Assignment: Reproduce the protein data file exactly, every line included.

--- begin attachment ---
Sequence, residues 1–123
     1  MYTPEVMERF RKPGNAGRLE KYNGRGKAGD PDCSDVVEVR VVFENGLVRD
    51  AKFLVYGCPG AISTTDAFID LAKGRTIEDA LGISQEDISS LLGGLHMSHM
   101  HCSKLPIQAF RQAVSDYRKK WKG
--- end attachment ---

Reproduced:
Sequence, residues 1–123
     1  MYTPEVMERF RKPGNAGRLE KYNGRGKAGD PDCSDVVEVR VVFENGLVRD
    51  AKFLVYGCPG AISTTDAFID LAKGRTIEDA LGISQEDISS LLGGLHMSHM
   101  HCSKLPIQAF RQAVSDYRKK WKG